Support for Windows XP is ending on April 8. The latest statistics say that 60 percent of U.S. companies will not have completed their migration before the April 8 deadline. Here's why you can’t afford to hang on to XP any longer:

You’re leaving the door open. This is the main reason why you need to upgrade, and the security risk in refusing to upgrade is significant. Staying on XP is like trying to secure your house by leaving your front door open and putting a rusty, smashed up padlock on it. It’s not going to work.  

“End of life” means that the operating system will be unsupported. An unsupported operating system is the equivalent of a broken operating system; there will be no patches available and no security updates, so when things start to go wrong they will be fixes.

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For example, if you get a virus that exploits a flaw in the system, there will be no way to clean it up. In a business environment it could result in infecting your entire network. You risk downtime, loss of data or compromising confidential data.

Microsoft has recently announced that updates for anti-malware software, Microsoft Security Essentials, will be available until 2015, but this is a consumer product and only relevant to home users. It’ll be providing updates for a select few enterprise products, but plenty of businesses do not use these.

Microsoft XP is already not as secure as Windows 7 (see this Security Intelligence Report that demonstrates that when exposed to a similar amount of potential threats, XP has double the infection rate of Windows 7) because it’s so old. A lot of IT experts and outlets have also been talking about the threat of a surge in malware to coincide with XP's end of life. Hackers know when end of life is happening and could well take advantage of the millions of unsecure operating systems by designing malware to prey on the vulnerabilities of the now defenseless OS.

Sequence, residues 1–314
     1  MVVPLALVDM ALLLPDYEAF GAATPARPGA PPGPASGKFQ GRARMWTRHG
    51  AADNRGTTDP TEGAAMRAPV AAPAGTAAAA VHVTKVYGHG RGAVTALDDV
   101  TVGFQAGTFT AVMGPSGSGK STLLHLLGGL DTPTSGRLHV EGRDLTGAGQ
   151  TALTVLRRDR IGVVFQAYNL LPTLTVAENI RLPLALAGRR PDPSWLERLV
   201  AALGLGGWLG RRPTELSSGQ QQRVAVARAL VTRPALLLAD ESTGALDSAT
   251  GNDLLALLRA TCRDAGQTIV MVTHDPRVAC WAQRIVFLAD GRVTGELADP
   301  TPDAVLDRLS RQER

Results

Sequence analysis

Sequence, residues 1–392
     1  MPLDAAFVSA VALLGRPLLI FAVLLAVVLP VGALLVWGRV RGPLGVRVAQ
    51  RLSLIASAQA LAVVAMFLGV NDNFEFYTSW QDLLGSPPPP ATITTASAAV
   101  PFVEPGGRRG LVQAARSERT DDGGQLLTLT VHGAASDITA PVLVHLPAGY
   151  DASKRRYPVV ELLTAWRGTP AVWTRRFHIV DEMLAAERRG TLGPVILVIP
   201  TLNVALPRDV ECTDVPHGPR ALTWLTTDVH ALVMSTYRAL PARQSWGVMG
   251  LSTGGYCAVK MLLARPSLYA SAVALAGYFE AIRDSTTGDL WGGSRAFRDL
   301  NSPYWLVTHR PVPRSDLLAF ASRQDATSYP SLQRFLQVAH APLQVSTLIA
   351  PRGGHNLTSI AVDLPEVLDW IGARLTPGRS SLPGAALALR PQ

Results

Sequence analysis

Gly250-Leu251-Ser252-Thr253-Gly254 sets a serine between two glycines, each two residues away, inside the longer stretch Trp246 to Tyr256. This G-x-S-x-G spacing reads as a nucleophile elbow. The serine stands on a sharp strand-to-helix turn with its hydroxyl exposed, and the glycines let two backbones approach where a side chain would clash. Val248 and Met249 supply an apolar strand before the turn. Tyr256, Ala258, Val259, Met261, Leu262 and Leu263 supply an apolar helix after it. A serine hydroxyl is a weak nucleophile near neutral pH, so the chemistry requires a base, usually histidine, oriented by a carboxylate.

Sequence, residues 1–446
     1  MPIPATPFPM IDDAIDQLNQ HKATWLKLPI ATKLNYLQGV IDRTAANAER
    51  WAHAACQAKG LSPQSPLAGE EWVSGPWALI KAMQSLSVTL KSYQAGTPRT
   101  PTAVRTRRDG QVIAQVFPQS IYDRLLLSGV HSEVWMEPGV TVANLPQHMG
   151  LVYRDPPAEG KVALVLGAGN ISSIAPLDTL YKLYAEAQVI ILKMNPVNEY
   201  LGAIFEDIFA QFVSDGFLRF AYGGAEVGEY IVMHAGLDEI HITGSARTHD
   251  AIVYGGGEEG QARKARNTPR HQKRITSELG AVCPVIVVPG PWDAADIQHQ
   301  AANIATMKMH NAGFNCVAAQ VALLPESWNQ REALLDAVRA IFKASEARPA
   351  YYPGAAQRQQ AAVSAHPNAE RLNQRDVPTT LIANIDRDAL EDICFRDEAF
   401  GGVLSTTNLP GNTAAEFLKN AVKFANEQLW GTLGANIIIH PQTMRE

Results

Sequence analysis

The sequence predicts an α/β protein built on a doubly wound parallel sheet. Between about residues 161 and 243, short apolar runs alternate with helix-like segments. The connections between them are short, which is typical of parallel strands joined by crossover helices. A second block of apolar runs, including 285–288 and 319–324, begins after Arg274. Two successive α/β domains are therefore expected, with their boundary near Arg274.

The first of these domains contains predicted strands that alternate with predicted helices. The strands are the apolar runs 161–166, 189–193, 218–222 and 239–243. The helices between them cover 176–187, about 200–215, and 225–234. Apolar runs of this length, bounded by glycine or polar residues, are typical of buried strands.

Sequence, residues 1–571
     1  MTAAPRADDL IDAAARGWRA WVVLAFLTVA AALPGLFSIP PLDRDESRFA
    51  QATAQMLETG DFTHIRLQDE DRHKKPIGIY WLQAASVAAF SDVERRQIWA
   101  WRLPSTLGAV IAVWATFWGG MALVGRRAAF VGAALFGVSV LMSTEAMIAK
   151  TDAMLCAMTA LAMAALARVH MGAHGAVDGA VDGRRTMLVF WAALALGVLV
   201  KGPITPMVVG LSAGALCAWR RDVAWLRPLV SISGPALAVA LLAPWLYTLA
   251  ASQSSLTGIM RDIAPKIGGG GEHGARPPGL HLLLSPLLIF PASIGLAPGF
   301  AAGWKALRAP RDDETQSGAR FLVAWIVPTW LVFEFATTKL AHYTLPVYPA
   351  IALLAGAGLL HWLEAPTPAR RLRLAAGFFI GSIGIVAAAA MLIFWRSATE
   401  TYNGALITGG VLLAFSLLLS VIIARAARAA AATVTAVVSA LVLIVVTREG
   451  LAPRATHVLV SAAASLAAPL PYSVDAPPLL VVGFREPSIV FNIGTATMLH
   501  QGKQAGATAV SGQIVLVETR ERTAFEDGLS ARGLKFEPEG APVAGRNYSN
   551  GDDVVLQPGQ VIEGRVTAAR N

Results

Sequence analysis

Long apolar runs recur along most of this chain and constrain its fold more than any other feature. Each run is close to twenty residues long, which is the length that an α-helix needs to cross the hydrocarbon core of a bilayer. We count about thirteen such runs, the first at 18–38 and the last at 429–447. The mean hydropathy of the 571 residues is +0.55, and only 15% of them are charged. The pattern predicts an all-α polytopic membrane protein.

You might not be able to see the problems with XP immediately when support ends -- nothing will radically change the day after its end of life -- but in time it will be harder and harder to protect the system.

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You might risk breaking compliance regulations. A massive issue for businesses that doesn’t really affect the home user is the issue of compliance. A lot of companies will have to meet certain regulations when it comes to what IT systems they use, especially when storing sensitive data. It’s pretty safe to say that using an OS which is officially unsupported will be an absolute no-no.

It’s unsustainable. If you don’t upgrade now you will have to at some point. XP is more than 10 years old. Think about how fast technology is developing at the moment, a 10-year-old operating system is just not going to keep up. Applications and software will not be built to be compatible with an operating system that is not only legacy, but also officially unsupported.

PC World calls on the example of USB 3.0. The devices will work with Windows XP -- they can go into compatibility mode and, in essence, revert to a USB 2.0. In compatibility mode they will work as slowly as a USB 2.0, missing all the advantages the new technology offers (essentially speed). So your colleague using a USB 3.0 device will be able to work faster than you.

It’s also unsustainable in the sense that if there is a breach of your network the only real solution will be to upgrade. If you do it before end of life, or at least get the wheels in motion, you have the chance to prevent the compromise that would have encouraged you to upgrade at a later date.

Keeping your IT systems and security up to date should already be built into the way you run your business; it’s absolutely crucial to day-to-day operations. Upgrading now gives you the opportunity to future-proof your IT systems.

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